Oh, it can be done, by Apple Ninjas secreted in the back recesses of the iTemple, and even they sweat bullets. Because if, during their incredibly exacting ministrations, they bust it up worse (a distinct possibility), they will have to give you a new one in its place.

        So I'd guess these heavenly bills are about 60% labor, plus a big cushion for Apple to cover the occasional new phone no-sale. About 10-20% goes for actual parts, probably.

        1. Anonymous Coward
          Anonymous Coward

          Re: OLEDs

          Tricky As someone who has owned and managed an I.T repair shop that has done iPhone repairs since the iPhone 3G onwards, I can hand-on-heart say that even the iPhone 7 takes me around 20 minutes to change the entire screen assembly and I'd charge £165.00 - The part costs me £90 (Yes, there are MUCH cheaper amazon knock-offs, been there, done that, sod the 75% return rate!!) - The iPhone 8 screen isn't available from my usual supplier as they haven't found a source with 'reliable' enough parts.

          Interestingly... one of the few phones I won't touch is the Samsung S6/7/8 as the screen prices are absolutely *astronomical*. I smashed my Galaxy S6 Edge Plus which was insured and they didn't even bother fixing it, they offered me a cash settlement of £500 (Minus a £50 excess) which I quite obviously ripped their arm off at, and bought an S8 with the cash. I have a feeling that due to the manufacturing difficulty of these screens and the apparent 'low yield', the usual chinese knock-off screens either aren't going to appear like in past iterations of the iPhone or there are going to be non-OLED knock-offs which don't even feature genuine OLED panel(s). Who knows.. it's getting to the point where I can't be arsed to do the repairs and likewise people don't want to pay that much money. From my experience, iPhone owners aren't *minted* and driving swanky motors, they're everyday folk who don't realise just how expensive that little slab of metal in their pocket really is!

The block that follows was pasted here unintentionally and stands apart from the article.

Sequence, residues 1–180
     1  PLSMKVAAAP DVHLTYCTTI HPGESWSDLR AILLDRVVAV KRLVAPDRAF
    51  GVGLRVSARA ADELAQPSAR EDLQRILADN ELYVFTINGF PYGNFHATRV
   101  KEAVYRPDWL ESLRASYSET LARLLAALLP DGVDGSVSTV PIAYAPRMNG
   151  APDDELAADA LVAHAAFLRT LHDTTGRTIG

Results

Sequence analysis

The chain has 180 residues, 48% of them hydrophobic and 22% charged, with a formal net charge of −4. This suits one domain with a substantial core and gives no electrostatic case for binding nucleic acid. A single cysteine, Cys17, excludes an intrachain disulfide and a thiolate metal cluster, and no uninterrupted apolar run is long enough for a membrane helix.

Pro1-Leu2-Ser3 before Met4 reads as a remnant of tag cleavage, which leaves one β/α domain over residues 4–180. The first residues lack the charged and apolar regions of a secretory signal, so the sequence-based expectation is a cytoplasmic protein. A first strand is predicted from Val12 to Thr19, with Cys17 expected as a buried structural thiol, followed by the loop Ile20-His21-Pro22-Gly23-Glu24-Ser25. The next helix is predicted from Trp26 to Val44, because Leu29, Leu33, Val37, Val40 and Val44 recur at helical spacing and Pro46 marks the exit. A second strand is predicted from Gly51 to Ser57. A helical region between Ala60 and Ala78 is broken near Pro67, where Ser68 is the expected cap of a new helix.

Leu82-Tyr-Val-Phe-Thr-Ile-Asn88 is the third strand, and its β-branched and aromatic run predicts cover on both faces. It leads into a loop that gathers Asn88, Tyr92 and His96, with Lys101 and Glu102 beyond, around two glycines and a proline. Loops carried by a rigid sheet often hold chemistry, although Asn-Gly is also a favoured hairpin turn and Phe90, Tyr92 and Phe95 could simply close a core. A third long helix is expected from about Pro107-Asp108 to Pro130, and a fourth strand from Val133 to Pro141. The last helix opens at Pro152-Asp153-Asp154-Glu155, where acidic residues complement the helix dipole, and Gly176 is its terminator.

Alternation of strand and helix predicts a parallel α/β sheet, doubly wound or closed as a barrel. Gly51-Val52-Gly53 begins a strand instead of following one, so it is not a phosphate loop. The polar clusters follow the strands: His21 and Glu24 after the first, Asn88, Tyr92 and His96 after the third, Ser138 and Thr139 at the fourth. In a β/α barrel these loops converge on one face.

1. Charlie Clark Silver badge
            Thumb Up

            Re: OLEDs

            From my experience, iPhone owners aren't *minted* and driving swanky motors

            Judging by the number of them walking round with broken screens I'd have to agree with you.

            When the screen on my S5 went, I checked the cost for fixing and found I could get a second-hand S5 for the same price, which would also means I've got a backup in case I lose or break my phone.

            1. MrBanana

              Re: OLEDs

              I've seen so many broken iPhone screens that I thought that it was a special, extra cost, option.

        2. Radio Wales

          Re: OLEDs

          60% of the costs of the Xi-Phone are swallowed up in the design and implementation of anti-intrusion devices.

          It would be much cheaper but they have to make it accessible to the very small army of official repairers - and that is where it gets complicated.

          Sealed beyond human reach is relatively easy, making it so only a few can enter is fiendishly expensive.

          The best solution found is to glue the middle of the back of the screen to the rear half of the case so that on removal the screen is destroyed. Genuine repairers can insert a new discounted screen out of the profit margins and pretend it never happened.

          Other 'repairers' will have heart attacks and have to buy full priced screens then decline to work on Xi-Phones ever again,

          Job sorted. Higher sales of new Xi-Phones, no unofficial repairs intruding, and the owner pays for everything.

          What's not to like?

          Only downside is having to pay royalties to the Chinese boss for use of his name.

    2. Charlie Clark Silver badge

      Re: OLEDs

      Unsurprisingly Apple is using screens from Samsung, which is why the new Apple phones can really be called Apple Galaxies.